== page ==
Names are important. There is a big difference between a Tommy and a Guido, an Elizabeth and a Susie and a name can set the tone. I generally write about ordinary people with everyday problems and I want my characters to have ordinary, functional names. I have never used old fashioned names like Titus Hunfrid and Jabez Sloughfinger but I might consider them if I were to write historical fiction. At least they would be memorable.
A nameless character has no character at all. By naming your characters before you begin your novel the person immediately takes on a personality of their own. The right name connects with the reader but if you are too creative it can be a distraction.
Suppose your novel is set in Victorian era England. the first names you might think of are: George, John, Margaret, Rose, Charles, Samuel, and Edith.
Imagine if your novel is set in colonized Mars circa 2089. You might have Kel, Ambrose, Stone, Finn, or Caris. Because it’s set in a future that no one knows, you have more wiggle room to predict trends.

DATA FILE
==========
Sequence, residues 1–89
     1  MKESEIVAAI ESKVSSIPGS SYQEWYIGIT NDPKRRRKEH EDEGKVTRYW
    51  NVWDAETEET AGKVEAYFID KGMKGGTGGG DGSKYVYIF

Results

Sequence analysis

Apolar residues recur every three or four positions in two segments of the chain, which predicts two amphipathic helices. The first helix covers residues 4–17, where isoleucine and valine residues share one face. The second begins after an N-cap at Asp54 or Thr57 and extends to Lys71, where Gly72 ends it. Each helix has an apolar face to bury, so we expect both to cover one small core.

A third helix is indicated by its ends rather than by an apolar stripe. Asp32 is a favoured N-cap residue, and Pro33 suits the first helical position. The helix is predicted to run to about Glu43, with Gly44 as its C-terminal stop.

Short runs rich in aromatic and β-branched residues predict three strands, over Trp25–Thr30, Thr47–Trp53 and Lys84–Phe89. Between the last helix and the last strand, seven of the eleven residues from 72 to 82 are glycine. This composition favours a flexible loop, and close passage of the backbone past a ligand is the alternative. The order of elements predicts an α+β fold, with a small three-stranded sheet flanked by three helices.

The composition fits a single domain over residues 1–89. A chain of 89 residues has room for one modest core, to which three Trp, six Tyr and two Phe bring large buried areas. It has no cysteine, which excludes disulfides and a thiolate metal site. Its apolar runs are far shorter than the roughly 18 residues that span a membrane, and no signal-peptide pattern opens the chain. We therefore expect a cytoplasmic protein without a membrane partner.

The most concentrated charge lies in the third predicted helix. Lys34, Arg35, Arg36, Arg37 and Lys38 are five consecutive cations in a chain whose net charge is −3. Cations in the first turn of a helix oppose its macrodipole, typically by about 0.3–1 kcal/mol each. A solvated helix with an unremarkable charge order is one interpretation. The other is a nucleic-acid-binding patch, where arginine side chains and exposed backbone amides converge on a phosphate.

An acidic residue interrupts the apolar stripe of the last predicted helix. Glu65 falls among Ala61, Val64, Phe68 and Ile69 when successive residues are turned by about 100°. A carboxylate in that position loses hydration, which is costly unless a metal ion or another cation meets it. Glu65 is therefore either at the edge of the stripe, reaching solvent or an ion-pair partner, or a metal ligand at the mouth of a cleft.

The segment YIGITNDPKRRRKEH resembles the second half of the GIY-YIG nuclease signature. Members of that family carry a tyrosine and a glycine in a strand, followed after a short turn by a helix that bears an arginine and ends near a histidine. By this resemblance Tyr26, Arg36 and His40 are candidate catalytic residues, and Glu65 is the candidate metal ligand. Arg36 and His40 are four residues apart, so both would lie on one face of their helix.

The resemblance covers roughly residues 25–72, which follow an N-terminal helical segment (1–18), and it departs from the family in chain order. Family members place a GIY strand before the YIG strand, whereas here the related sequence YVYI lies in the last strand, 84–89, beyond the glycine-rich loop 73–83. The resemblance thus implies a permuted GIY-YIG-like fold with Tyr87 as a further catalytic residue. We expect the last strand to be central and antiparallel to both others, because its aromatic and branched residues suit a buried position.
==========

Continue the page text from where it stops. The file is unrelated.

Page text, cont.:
How to choose a modern name?
Elvis is questionable. Beyonce is pushing it. Adolf is not okay.
- borrow a name from a friend – computer – place
- think about age
- say the name out loud
- check the meaning
- know the era
- look at the number of syllables
- match name to geography
- consider using initials
- rethink the name before deciding
If the name has a pleasing roll and identifies with the character you have aced it.
“Linda has published fifteen books. She blogs about the publishing world, posts useful tips on the challenges a writer faces, including marketing and promoting your work, how to build your online platform, how to get reviews and how to self-publish.”